By Keith Fisher
At two years old, my daughter seemed fascinated by the little gray rocks under the big black pots everyone made such a fuss about. With determination on her face she reached out to touch, but I stopped her. I gave her the standard warning. "It will burn you," I said.
After a short time my little girl experienced a burn. I don’t remember how she learned, but she understood the word. She seemed to lose interest in those gray rocks.
Then one day while cooking in five pots, I stepped away to get water from my garden hose. Sure enough, you guessed it, she reached under a pot and burned the tip of her finger. She knew would happen, but she just had to learn for herself. Some kids are like that.
Now she’s a pre-teen and it’s hard to get her interested in the things I like. Dutch ovens are different, however. I think I instilled an interest by forbidding her contact all those times. She has her own Dutch oven and one or two more she claims are hers. She’ll cook in them too, under the right circumstances.
I noticed, as I’m sure you have, that teenagers try to put distance between them and their parents. It just isn’t cool to show interest in anything Dad likes . . . unless, she’s the only kid there, or we cook something exciting.
What qualifies as exciting food?" you ask.
The answer of course, is whatever they eat regularly. If they love mac and cheese, teach them to make it in Dutch oven. Not the kind that comes in a box, learn to make the real stuff, macaroni and cheese casserole, then teach them.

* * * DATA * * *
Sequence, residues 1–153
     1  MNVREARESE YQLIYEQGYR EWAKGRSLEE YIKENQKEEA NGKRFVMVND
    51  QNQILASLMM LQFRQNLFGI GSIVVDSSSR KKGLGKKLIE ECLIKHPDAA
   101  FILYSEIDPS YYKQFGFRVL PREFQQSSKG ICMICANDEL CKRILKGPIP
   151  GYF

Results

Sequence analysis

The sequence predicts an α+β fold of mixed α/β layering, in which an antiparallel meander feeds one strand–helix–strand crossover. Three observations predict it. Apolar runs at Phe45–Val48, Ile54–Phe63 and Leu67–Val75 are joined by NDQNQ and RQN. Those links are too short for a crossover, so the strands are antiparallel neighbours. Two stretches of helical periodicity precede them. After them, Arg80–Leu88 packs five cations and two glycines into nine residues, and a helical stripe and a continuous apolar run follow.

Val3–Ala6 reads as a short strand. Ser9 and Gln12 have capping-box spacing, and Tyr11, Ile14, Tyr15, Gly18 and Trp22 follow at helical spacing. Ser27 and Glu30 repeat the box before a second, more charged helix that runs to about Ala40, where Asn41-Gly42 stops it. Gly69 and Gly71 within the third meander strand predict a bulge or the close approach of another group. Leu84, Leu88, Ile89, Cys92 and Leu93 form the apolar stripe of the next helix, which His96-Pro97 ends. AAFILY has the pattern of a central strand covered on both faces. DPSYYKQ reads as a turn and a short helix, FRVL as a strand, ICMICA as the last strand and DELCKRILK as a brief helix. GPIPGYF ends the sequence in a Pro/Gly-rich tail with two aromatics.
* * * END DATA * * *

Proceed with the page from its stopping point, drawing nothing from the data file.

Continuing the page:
My daughter has developed a love for fettuccine alfredo. I’m not sure why, but it's something she loves, so she makes it. The list is endless. Instead of making the pre-packaged kind, teach them the from scratch version.
Kids also love pizza and the Dutch oven was made for pizza. You can use frozen pizzas, or you can do it from scratch. It's more exciting to make it from scratch. Now, as you might have guessed, I’m going to talk about pizza.
How do you make pizza? You go to the corner pizzeria pay the cash and pig out right? Wrong.
Good pizza consists of four elements crust, sauce, cheese, and toppings. There are many good crust recipes but lets make it easier. Get some frozen bread dough, flatten it out, let it rise, put on the sauce, toppings, and cheese. Let your kids build their own, and let them experiment.
When it is built, put it in a Dutch oven . . . uh wait a minute. If you have ever been in the mountains trying to dig something out of your Dutch oven, scratching the seasoning off, you know there has to be a better way.
A Dutch oven lid makes a perfect pizza pan. Place the lid on a lid holder upside down. (You can use a wok ring or some kind of sturdy prop). The key is there must be room to put coals under it.
Next, put the pie on the lid. Be careful to make the crust the same size as the lid.
Next, turn your pot upside down and place it on the lid. Put coals under and on the top, the same pattern you use for baking. When the pizza is done (when the crust is done), you can lift the pot off. Use a rolling pizza cutter and enjoy.
One note about safety: this method requires caution. The Dutch oven will be hot and lifting the pot off the lid must be done with long sleeved, leather gloves. The ashes will want to fall in you food, and you can get burned, even through leather.
Now that you remember the cautions, I would advise you to practice this before you turn it over to your kids. If all else fails put it the oven right side up and let your kids find the perfect amount of cheese. You may end up eating Dutch oven pizza three times a week, but it’s a small price to pay to get your kids involved. More importantly, though, your kids will learn to love something you love—you will have something in common.
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